This work includes allusions to places close to Valladolid, seat of the Royal Chancellery.
The book stayed almost unknown until 1871 and was attributed to Andres Laguna (ca.1499-1559) and to Cristobal de Villalon.
Useful Treatise on
Changes and Contracts
| 16.- Cristobal de Villalon (1505-1581) is the author of Tragedy of Mirrha (1536), that adapts the tenth book of Ovidian Metamorphoses.|
The Scholastic (ca.1538), humanist dialog in four books, imitates Castiglione's The Courteous Man: a group of masters of Salamanca University deals with the qualities of a perfect scholar. They dispute on friendship, on virtue and on old age (Book I); they praise Theology, Laws, Medicine..., teacher's and disciple's states and the talent of the former (Book II); virtues in both: knowledge of greeks and latin classics, they reject scholastical philosophy (Book III)... They propose woman and love as superior values; they praise Music and Arts, between fine jokes, as a way of spending student's leisure. Fernan Perez de Oliva and Francisco de Bobadilla -who gives the work a Platonic touch- stand out between the speakers .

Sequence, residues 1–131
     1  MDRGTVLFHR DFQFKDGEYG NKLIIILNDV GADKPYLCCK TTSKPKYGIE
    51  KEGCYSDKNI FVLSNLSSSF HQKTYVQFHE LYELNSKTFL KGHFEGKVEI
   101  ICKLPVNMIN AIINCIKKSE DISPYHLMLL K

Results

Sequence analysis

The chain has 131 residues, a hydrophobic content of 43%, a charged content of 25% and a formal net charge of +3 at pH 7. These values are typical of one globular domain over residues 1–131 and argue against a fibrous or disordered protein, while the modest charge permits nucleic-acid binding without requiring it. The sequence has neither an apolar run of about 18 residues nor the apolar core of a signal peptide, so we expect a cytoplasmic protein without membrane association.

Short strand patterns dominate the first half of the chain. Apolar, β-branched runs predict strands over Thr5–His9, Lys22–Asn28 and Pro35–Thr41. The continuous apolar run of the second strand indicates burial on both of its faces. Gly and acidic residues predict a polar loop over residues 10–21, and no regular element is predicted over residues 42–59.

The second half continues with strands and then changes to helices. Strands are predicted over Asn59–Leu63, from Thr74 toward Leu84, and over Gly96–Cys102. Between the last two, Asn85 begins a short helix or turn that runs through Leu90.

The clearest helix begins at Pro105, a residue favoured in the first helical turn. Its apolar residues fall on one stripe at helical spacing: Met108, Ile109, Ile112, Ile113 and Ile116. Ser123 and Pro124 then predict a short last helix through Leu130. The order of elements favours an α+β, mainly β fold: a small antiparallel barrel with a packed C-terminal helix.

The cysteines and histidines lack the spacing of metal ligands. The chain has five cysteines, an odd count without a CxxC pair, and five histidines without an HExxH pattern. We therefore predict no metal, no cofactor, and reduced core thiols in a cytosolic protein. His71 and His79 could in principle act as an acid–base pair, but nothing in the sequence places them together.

Dialog on Pitagoras Changes
| A Witty Comparison Between the Old and the Present (1539) retakes the old dispute between antiquity and modernity. Curiously, the most popular work by Villalon would be the Useful Treatise on Changes and Contracts (1541), because of a birthing capitalism that questions the moral of interest. Lately, appeared his Castilian Grammar (1558). |
Without solid reasons, a short Dialog on Pitagoras Changes was attributed to him. It shares with The Crotalon its speakers -Micilo and the cock- and other features of its structure.
Dialog on Pitagoras Changes
Travel to Turkey
| 17.- A Travel to Turkey (ca.1557-8) has been attributed to doctor Andres Laguna -author of a Dioscorides on Botany-. Also to Juan Ulloa Pereira. |
This erasmian dialog between Pedro de Urdemalas, Juan de Voto a Dios and Matalascallando tells -after critizice the confessor's lies, the ostentation of hospitals and the falsety of pilgrimages- the former's travel: captive by turkish who let them practice medicine, slave of general Zinan Baxa, and worker of harder jobs. He shows his science and honesty between jew doctors and rejects -paying hard- the offers to renounce his religion. Though liberated according to Zinan Baxa's will, after his death Pedro must run away through Greece, which is well painted, with scarce helps from greeks, threatened by turkish. From Italy he comes to Spain and there he is found by his friends.
Next day, Pedro describes, in a second part, turkish religion, justice, militar organization, feasts and food. The book ends with a description of Constantinople.
Our author used tales and descriptions of Turkey, like those of Spandugino, Georgievits or Münster.
Travel to Turkey
D.Miguel Perez Rosado.
Doctor in Philology